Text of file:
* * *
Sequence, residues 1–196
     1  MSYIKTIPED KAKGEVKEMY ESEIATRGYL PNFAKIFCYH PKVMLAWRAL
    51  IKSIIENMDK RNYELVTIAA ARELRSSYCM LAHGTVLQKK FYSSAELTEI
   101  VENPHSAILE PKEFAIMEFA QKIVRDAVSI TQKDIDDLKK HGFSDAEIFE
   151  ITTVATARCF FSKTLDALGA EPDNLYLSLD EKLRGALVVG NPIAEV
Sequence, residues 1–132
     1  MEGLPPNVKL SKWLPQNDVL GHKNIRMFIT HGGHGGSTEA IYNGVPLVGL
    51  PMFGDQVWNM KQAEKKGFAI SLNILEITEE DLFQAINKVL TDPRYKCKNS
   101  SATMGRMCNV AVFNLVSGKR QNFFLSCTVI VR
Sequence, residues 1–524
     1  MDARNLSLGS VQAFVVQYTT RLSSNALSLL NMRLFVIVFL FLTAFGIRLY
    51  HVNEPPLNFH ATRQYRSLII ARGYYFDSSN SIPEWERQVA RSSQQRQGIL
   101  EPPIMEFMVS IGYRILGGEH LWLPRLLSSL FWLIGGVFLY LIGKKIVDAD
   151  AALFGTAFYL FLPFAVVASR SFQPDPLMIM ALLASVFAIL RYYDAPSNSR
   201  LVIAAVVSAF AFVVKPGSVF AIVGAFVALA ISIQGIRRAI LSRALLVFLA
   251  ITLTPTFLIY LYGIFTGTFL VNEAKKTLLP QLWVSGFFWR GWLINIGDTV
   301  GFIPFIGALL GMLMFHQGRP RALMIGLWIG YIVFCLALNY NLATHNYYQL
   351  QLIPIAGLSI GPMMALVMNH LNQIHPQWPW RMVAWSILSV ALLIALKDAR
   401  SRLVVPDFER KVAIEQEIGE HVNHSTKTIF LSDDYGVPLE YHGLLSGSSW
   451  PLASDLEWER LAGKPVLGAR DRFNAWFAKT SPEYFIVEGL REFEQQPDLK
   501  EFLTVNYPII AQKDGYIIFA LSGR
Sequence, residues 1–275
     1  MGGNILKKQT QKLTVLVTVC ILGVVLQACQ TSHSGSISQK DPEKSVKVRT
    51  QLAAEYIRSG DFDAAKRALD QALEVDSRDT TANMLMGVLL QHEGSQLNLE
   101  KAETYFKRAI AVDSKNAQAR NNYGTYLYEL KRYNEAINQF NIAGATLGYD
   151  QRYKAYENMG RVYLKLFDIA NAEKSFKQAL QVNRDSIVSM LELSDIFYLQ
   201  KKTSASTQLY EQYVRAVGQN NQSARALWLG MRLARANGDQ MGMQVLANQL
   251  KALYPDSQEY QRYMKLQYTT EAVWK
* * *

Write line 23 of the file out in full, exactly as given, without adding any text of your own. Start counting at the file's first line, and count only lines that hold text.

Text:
     1  MGGNILKKQT QKLTVLVTVC ILGVVLQACQ TSHSGSISQK DPEKSVKVRT